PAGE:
Tai Ji Men’s denial of justice as seen by a former judge
On 15 September, Prof. Tsan-Tu Lin, a former judge, analyzed the miscarriage of justice concerning Tai Ji Men during a webinar co-organized by CESNUR and Human Rights Without Frontiers
See the video on YouTube https://youtu.be/Z6QoKl7KJzE and the background of the case on https://bitterwinter.org/tai-ji-men-and-the-tai-ji-men-case-a-background/
HRWF (22.09.2021) – I used to be a judge and now work as a professor at a university. I’d like to take a judge’s perspective on the Tai Ji Men case. First and foremost, I’d like to discuss the context of the Tai Ji Men case. The first, second, and third criminal decisions all found Tai Ji Men not guilty.
The not-guilty decisions show that there isn’t a tax problem. However, taxes were levied on Tai Ji Men by Taiwan’s National Taxation Bureau of the Central Area from 1991 to 1995. No tax should be charged on Tai Ji Men because the not-guilty decisions were issued. They were the same case, for the five tax years. Finally, the years 1991, 1993, 1994, and 1995 were declared to be tax-free. The National Taxation Bureau, on the other hand, upheld the 1992 tax bill. This contradicts itself. Since 1992 is no different from the other years, why was Tai Ji Men subjected to taxation for that particular year?
The underlying facts for the five years were the same. When the taxation bureau made a mistake, it could revoke the tax bill itself under Article 117 of Taiwan’s Administrative Procedure Act. Even if the tax authorities do not revoke the tax bills on their own, the people can request revocation through Article 128 of Taiwan’s Administrative Procedure Act.
There is a question over whether the five-year statute of limitations applies in this case. Our government agencies have clearly made a mistake and should correct it on their own. As a result, the paragraph about Taiwan’s five-year statute of limitations is quite contentious. I believe the law should be altered, particularly when the executive branch makes a mistake that needs to be remedied.
There is also the issue of recusal in the 1992 tax case. Tai Ji Men’s appeal was rejected by Judge Huang, who handled the case in a lower court and heard it again in the Supreme Administrative Court. A judge cannot hear the same case in a higher court if he or she participated in judging it in a previous trial, according to Taiwan’s Administrative Litigation Act. The rationale for this is to keep a judge from being swayed by his or her preconceived notions about a case. To put it another way, it is designed to prevent a judge who has already made a mistake from repeating it in a higher court. It is difficult for a court to make an unbiased conclusion if the same judge hears a litigant’s case in both the first and second trials, and this is a particularly questionable component of the Tai Ji Men case.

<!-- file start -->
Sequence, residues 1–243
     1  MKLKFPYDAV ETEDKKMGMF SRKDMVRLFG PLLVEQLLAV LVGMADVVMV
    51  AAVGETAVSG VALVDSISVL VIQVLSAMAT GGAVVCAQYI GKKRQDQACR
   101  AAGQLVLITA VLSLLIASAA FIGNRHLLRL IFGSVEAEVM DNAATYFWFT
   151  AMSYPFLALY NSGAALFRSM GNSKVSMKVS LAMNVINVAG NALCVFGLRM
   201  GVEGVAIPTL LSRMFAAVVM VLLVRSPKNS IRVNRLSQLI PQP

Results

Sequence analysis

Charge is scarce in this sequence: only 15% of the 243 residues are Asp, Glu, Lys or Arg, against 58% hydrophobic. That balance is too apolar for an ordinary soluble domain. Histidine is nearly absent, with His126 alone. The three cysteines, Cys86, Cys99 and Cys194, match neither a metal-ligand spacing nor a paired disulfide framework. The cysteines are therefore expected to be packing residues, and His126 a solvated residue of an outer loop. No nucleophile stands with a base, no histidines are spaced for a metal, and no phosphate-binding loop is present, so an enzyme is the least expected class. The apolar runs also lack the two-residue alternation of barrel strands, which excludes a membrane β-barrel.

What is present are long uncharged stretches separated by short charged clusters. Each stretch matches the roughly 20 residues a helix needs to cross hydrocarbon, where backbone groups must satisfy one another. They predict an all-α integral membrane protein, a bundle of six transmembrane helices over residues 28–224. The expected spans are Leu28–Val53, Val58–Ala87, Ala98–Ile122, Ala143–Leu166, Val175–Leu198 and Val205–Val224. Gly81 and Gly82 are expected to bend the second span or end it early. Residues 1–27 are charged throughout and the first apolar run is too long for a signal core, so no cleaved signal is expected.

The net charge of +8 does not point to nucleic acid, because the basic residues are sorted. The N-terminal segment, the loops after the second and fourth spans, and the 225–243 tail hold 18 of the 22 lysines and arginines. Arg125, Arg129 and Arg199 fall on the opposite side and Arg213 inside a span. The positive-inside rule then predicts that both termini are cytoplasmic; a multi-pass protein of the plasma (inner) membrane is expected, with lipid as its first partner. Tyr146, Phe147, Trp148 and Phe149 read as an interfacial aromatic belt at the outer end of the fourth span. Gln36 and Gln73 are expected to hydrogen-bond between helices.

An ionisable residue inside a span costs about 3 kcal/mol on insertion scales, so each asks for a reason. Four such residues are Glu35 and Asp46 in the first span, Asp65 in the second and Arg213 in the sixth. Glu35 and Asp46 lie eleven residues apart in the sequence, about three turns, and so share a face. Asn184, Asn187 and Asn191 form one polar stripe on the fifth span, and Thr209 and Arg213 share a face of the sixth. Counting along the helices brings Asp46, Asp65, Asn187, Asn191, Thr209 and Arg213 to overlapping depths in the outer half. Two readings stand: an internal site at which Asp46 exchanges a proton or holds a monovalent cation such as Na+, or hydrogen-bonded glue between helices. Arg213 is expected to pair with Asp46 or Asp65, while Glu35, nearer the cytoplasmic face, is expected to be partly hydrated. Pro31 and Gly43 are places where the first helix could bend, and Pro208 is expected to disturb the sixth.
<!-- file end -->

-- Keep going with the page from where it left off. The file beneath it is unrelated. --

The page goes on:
Despite the fact that a final judgement on the matter was rendered, the National Taxation Bureau of the Central Area had already corrected the taxes to zero for four of the five years. The final decision on the 1992 tax bill is questionable. Why is there a retrial in a court of law for a matter that has already been decided? Judges are human, and they can make mistakes; as a result, we have recourse. To protect people’s basic rights, a judge should not be allowed to judge the same case in both lower and higher courts.
An administrative matter will be forwarded to the Administrative Enforcement Agency for enforcement after a decision is made. The requirements of Taiwan’s Compulsory Enforcement Act are implemented since the applicable rules are insufficient. In other words, the auction can only take place if the seizure is legal.
The parties have the right to object to the enforcement agency’s enforcement and to express their dissatisfaction with specific features of the enforcement. Tai Ji Men had already communicated its dissatisfaction in the Tai Ji Men case, but the enforcement officers failed to investigate the situation and failed to follow the standard enforcement procedure.
This case is completely out of the ordinary, and it raises the question of whether the administrative authorities failed to follow the appropriate rules and regulations when conducting the auctions. This case leads us to believe that the entire process did not adhere to the relevant laws and regulations. As a result, I believe the Enforcement Agency’s handling of the matter was highly problematic.
Thanks to Tai Ji Men’s hard-work and advocacy over the years, we hope that the incomplete provisions of the law mentioned earlier can be corrected by amending the law, so that justice can be done to the people.
Photo credits: Bitter Winter